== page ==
Mutual Life Ins. Co. of New York v. Cohen,
Annotate this Case
179 U.S. 262 (1900)
- Syllabus |
U.S. Supreme Court
Mutual Life Ins. Co. of New York v. Cohen, 179 U.S. 262 (1900)
Mutual Life Insurance Company of New York v. Cohen
Argued March 14-15, 1900
Decided December 3, 1900
179 U.S. 262
The provision in the statutes of New York that
"no life insurance company doing business in the New York shall have power to declare forfeited or lapsed any policy hereafter issued or renewed, by reason of nonpayment of any annual premium or interest, or any portion thereof, except as hereinafter provided"
does not apply to or control such a policy issued by a corporation of New York in another state in favor of a citizen of the latter state, but is applicable only to business transacted within the New York, and in such case the rights of the parties are measured by the terms of the contract.
On June 10, 1885, the petitioner delivered to Alexander Cohen, in the State of Montana, a life insurance policy for $3,000 conditioned upon the annual payment of a premium of $89.61. Upon it the insured paid premiums up to and including June 10, 1892. No subsequent premiums were paid. On September 21, 1897, he died. His wife, Tine Cohen, was the beneficiary named in the policy.
The application commenced in these words:
"Application for insurance in the Mutual Life Insurance Company of New York, 140 to 146 Broadway, corner of Liberty Street, New York City, subject to the charter of such company and the laws of said state."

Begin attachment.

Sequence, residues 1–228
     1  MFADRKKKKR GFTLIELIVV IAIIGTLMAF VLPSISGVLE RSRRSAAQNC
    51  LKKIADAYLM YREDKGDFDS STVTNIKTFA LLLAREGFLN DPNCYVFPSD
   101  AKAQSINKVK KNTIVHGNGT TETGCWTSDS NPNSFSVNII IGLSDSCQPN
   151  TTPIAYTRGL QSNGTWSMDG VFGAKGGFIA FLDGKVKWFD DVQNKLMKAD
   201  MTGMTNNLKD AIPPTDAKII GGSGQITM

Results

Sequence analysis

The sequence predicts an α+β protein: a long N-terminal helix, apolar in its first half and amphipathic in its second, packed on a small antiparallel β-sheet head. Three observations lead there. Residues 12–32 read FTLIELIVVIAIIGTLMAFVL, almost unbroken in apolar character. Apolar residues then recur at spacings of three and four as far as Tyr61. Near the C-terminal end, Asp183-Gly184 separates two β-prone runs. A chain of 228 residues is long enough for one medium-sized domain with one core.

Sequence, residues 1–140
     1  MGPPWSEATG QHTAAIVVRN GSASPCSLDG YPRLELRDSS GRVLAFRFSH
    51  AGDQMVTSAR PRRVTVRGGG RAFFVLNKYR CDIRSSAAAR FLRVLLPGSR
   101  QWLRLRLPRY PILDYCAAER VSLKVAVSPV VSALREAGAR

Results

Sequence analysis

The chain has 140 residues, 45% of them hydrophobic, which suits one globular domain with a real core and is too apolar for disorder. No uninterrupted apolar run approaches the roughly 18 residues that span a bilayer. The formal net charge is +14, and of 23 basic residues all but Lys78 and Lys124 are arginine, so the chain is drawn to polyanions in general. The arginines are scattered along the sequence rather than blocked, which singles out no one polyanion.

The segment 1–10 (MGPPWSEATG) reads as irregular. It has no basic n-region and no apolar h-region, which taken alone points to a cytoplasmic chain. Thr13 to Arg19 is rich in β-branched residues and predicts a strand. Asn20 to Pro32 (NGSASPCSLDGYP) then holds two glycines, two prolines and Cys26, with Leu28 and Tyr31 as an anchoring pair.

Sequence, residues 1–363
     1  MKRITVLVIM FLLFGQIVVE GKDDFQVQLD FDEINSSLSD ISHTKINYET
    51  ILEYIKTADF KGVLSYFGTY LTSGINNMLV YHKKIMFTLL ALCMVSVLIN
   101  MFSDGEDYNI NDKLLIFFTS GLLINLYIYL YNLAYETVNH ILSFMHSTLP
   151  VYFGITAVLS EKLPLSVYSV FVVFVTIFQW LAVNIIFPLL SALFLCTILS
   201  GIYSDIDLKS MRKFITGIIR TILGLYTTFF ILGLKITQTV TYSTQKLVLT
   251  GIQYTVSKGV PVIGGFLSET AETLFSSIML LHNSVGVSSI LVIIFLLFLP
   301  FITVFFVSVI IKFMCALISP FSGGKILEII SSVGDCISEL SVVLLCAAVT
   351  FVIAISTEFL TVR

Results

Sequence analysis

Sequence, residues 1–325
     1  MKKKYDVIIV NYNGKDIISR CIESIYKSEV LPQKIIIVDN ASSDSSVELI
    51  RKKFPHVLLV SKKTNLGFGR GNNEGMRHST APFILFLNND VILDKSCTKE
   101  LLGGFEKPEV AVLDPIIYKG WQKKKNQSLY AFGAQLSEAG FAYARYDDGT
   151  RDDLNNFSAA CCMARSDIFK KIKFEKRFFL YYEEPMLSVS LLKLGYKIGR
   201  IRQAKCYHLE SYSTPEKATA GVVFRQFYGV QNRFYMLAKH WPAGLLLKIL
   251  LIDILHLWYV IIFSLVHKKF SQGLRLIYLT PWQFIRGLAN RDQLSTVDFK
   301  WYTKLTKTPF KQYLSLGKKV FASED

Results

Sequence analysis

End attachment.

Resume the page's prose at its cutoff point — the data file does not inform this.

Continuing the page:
It further contained this provision:
"That if the insurance applied for be granted by the company, the policy, if accepted, will be accepted subject to all the conditions and stipulations contained in the policy. Among those conditions and stipulations was this:"
"Notice that each and every such payment is due at the date named in the policy is given and accepted by the delivery and acceptance of this policy, and any further notice required by any statute is thereby expressly waived."
On November 9, 1898, this action was commenced in the Circuit Court of the United States for the District of Washington.
The single defense was the nonpayment of premiums after June 11, 1892. There was no suggestion of rescission, abandonment, knowledge by the beneficiary of the nonpayment of the premium, or any refusal or failure on her part in respect to the policy. A demurrer to the answer was sustained, judgment rendered for the amount of the policy, less the unpaid premiums, which judgment was affirmed by the United States Circuit Court of Appeals for the Ninth circuit, 97 F. 985, and thereupon the case was brought here on certiorari.